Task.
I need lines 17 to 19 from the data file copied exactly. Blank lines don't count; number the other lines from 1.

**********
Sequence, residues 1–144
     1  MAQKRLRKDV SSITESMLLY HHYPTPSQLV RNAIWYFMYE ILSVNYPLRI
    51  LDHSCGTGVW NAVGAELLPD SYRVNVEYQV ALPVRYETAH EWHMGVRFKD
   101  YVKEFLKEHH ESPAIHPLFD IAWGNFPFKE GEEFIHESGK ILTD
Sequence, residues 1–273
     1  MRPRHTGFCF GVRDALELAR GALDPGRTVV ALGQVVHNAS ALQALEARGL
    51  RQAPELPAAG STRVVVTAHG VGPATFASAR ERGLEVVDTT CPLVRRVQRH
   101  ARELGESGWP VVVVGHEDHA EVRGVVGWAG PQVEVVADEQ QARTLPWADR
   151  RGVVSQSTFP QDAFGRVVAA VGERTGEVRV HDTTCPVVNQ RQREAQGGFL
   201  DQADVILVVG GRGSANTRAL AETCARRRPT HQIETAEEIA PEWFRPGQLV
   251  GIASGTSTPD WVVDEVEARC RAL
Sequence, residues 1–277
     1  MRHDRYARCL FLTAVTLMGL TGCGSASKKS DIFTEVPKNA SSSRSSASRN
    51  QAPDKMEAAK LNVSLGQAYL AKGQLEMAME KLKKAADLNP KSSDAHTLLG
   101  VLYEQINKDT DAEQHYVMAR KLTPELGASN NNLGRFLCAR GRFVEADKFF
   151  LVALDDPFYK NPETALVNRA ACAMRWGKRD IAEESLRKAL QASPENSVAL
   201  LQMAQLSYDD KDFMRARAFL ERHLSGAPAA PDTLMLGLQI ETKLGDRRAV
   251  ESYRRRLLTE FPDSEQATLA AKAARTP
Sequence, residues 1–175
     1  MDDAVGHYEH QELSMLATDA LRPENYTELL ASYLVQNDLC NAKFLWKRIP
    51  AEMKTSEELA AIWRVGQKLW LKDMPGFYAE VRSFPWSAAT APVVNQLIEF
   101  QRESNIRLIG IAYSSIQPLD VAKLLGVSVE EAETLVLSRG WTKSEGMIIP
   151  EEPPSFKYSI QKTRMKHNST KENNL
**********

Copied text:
   201  LQMAQLSYDD KDFMRARAFL ERHLSGAPAA PDTLMLGLQI ETKLGDRRAV
   251  ESYRRRLLTE FPDSEQATLA AKAARTP
Sequence, residues 1–175